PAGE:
1 May 2012
It is with great anticipation that we await Royal Assent to the Finance Bill which will mark the final stages of preparation for the first social and special needs housing trust. Billed by myself as the most unexciting investment opportunity of 2012, the SAF Housing REIT has traded huge gains for predictability, sustainability and low risk.
Last week, three things made me prick up my ears.
1. Our banks are talking about the amount of leverage we will use in our fund
2. Reports of exposure to downside risks within the English housing associations to the swap market which has already claimed the biggest Dutch social housing provider
3. Expert opinion in response to the arrival of our Real Estate Investment Trusts that much will depend on the spread of risk within the REIT itself
As the manager of a fund that uses the money of investors to provide affordable social and extra care housing, my responsibility is significant. Clear rules must be followed. The first of these is to keep things simple and transparent. The second is that I must recognize that we are responsible for two of the most important resources our society have: our homes and our retirement income. Consequently the “trust” should therefore be worthy of its name and adopt a policy of total risk aversion.
This leads us to a set of core principles which we breach at our peril:
- To keep all leverage out of the Trust. Sure our operation requires a leveraged banking strategy. However, the intention is that it is used to prepare stock or portfolios before it is transferred to the REIT, and that it is removed once the stock in question passes into the trust. Of course this makes for an unexciting investment opportunity since, by removing this feature, the upside gains are reduced. So, however are the risks in favour of predictability. As part of an investment strategy this part is crucial.
- To not make any speculative investments. This is not a tool for developers but an investment backed housing provision. The objective is to achieve sanctuary in sustainability and this starts from the very beginning. Consequently all our developments must accord with the strategic plan of local authorities – ensuring that issues such as varying demographic trends at a local level are addressed. This ensures sustainability of use in the long term.
- To ensure evey single development stands on its own feet. I have been investing in and managing other people’s property investments for more than 15 years. In this time I have not once failed to deliver the predicted return. This is because I refuse to cross subsidize or offset. Each development/property has its income stream assured before the investment takes place, and this only happens when I am satisfied that each purchase stands up financially; properly protected from adverse conditions.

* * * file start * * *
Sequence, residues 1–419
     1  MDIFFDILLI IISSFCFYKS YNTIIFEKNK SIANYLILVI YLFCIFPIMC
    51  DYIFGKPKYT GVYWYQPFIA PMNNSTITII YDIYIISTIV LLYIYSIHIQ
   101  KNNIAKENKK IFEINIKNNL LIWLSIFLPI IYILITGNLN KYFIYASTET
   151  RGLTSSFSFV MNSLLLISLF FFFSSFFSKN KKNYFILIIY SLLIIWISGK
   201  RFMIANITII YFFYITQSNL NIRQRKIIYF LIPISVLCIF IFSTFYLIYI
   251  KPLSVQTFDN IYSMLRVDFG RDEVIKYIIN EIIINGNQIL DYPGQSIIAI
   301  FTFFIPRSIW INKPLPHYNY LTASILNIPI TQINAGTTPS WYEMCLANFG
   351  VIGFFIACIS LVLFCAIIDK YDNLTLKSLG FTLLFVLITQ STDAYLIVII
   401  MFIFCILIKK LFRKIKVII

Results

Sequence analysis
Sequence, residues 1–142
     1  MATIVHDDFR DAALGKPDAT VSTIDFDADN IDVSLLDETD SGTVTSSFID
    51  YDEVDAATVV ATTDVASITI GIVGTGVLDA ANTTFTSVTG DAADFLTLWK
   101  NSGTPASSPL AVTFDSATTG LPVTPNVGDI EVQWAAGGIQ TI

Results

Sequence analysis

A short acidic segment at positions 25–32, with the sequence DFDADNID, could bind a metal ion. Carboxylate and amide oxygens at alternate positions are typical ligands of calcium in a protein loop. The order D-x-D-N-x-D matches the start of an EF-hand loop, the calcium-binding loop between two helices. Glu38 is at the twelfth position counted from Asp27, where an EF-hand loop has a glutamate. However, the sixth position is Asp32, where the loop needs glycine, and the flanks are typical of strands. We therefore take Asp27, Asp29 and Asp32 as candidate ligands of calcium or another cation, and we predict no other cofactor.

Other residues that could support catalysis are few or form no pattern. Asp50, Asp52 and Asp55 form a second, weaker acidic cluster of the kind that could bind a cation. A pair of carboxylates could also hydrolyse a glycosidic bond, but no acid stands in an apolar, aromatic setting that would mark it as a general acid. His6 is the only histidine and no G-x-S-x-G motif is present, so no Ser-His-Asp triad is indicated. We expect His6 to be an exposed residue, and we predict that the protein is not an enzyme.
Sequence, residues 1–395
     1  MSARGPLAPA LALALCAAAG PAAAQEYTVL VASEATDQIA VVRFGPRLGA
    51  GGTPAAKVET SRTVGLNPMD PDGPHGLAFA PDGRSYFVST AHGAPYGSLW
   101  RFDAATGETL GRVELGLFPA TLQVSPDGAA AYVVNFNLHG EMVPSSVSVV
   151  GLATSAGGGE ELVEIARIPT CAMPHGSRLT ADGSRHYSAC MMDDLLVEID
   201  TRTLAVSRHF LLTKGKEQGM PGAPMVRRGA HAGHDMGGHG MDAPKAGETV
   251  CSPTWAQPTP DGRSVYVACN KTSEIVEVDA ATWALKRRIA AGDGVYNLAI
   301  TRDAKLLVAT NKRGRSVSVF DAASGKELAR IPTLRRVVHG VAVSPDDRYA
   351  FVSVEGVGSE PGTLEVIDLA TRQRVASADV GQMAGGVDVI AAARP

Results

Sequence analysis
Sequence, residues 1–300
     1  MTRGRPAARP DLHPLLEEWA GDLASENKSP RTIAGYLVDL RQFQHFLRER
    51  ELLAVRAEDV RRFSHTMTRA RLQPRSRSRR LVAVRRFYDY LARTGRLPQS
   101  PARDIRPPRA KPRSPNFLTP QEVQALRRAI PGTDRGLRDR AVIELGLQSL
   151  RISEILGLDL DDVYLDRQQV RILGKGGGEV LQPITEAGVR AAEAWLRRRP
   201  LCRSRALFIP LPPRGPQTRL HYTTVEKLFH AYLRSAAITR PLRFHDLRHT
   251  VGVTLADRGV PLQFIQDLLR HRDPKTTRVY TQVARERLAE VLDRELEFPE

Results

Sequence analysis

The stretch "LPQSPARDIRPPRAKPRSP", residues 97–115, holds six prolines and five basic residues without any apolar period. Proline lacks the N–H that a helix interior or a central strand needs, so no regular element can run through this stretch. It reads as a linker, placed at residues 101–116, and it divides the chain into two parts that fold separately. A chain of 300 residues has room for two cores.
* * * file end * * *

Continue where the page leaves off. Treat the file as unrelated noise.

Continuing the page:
- To ensure sustainability through affordability. The needs of investors and of the tenants living in the properties are complimentary. One receives a predictable return, the other a place to live in return for a reasonable rent. The key is sustainability. Tenants must be able to support the payment of rent and, failing to do so, the rent must then lie within the scope of the housing benefit system. This means that the development must fall into the affordable housing framework (80% market rent), or if not, be able to do so within a reasonable timescale. With a moderate return rate the only mechanism that can be used to affect rental price is the capital cost of the property itself. Consequently, we buy and build to a strict formula. If the formula is not satisfied we do not build. And it also means that the retail market is excluded in all but extraordinary circumstances.
- To look to the future. All of our developments have to have a future life of at least 40 years – this is something we test for. In cases of specialist accommodation we have to be satisfied that there is an enduring need and that the property has alternative social housing use once this need has been exhausted. This is one of the reasons we only produce accommodation in response to a strategic local authority plan: we are addressing current need and continued future from the outset.
- To use the regulated sector. We only supply housing to registered housing providers in recognition of how regulation protects the assets and ensures continued good management. Landlords must adhere to financial monitoring and performance standards set out by the Tenant Services Authority (TSA), and these are very much in the interests of both investors and tenants. If an association fails to perform, the TSA will intervene.
As you can see our REIT, I hope, will be one of the more unexciting investment opportunities available. As a consequence it will be stronger. In creating a social housing REIT, all risks must be mitigated and removed – not hedged as with a commercial REIT. We have considered the impact of every conceivable risk including the collapse of society as we know it. This is what drives our philosophy of achieving sustainability by building it right and keeping it simple. That way, everybody wins.
By Phil Shanks